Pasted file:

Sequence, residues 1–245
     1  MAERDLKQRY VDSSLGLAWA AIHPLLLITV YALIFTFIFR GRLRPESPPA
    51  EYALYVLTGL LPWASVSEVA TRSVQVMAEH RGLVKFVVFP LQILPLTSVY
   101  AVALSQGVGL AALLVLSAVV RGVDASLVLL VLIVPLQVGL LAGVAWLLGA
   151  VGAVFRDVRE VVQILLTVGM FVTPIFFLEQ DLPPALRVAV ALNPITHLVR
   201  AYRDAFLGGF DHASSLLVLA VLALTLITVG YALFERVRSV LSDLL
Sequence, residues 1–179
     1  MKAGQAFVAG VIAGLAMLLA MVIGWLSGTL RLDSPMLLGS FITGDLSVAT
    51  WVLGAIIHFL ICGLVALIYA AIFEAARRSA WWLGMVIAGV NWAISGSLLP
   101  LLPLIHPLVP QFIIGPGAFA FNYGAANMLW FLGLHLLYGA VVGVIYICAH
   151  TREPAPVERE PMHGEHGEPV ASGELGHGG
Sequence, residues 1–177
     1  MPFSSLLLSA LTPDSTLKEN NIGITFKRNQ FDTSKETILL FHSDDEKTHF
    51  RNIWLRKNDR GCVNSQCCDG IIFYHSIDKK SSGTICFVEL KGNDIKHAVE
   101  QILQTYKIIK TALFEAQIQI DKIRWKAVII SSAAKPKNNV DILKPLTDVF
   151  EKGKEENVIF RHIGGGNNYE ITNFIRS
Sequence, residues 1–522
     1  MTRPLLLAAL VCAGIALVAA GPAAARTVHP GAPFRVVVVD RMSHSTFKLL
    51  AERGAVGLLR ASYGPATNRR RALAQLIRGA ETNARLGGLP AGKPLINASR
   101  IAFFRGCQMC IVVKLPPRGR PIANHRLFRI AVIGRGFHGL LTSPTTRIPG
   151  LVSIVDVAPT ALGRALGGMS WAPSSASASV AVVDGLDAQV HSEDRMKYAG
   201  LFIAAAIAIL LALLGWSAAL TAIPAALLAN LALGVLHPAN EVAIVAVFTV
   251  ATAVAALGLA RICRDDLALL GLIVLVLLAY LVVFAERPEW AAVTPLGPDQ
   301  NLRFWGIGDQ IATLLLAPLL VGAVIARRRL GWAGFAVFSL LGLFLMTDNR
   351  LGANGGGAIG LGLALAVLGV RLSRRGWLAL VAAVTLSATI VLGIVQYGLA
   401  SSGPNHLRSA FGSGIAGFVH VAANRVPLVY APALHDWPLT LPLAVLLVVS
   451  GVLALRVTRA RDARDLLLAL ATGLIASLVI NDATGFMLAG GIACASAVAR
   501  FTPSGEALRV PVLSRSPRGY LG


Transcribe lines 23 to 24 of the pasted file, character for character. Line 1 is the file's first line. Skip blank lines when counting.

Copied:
   251  ATAVAALGLA RICRDDLALL GLIVLVLLAY LVVFAERPEW AAVTPLGPDQ
   301  NLRFWGIGDQ IATLLLAPLL VGAVIARRRL GWAGFAVFSL LGLFLMTDNR